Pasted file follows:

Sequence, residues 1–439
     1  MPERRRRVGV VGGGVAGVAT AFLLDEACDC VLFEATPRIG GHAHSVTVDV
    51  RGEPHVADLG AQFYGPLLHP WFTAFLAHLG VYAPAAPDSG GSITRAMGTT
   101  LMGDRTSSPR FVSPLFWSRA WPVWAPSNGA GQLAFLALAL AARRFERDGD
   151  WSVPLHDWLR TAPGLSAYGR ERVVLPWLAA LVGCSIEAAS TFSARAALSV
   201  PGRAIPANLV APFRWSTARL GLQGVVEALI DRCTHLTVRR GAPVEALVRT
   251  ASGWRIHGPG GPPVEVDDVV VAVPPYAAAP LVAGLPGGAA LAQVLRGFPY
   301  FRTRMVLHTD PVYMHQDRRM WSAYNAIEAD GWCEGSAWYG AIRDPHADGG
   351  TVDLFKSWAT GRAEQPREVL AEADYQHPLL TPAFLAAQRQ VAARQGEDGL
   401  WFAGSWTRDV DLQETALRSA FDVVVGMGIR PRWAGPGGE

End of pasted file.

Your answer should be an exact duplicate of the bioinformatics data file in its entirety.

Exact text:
Sequence, residues 1–439
     1  MPERRRRVGV VGGGVAGVAT AFLLDEACDC VLFEATPRIG GHAHSVTVDV
    51  RGEPHVADLG AQFYGPLLHP WFTAFLAHLG VYAPAAPDSG GSITRAMGTT
   101  LMGDRTSSPR FVSPLFWSRA WPVWAPSNGA GQLAFLALAL AARRFERDGD
   151  WSVPLHDWLR TAPGLSAYGR ERVVLPWLAA LVGCSIEAAS TFSARAALSV
   201  PGRAIPANLV APFRWSTARL GLQGVVEALI DRCTHLTVRR GAPVEALVRT
   251  ASGWRIHGPG GPPVEVDDVV VAVPPYAAAP LVAGLPGGAA LAQVLRGFPY
   301  FRTRMVLHTD PVYMHQDRRM WSAYNAIEAD GWCEGSAWYG AIRDPHADGG
   351  TVDLFKSWAT GRAEQPREVL AEADYQHPLL TPAFLAAQRQ VAARQGEDGL
   401  WFAGSWTRDV DLQETALRSA FDVVVGMGIR PRWAGPGGE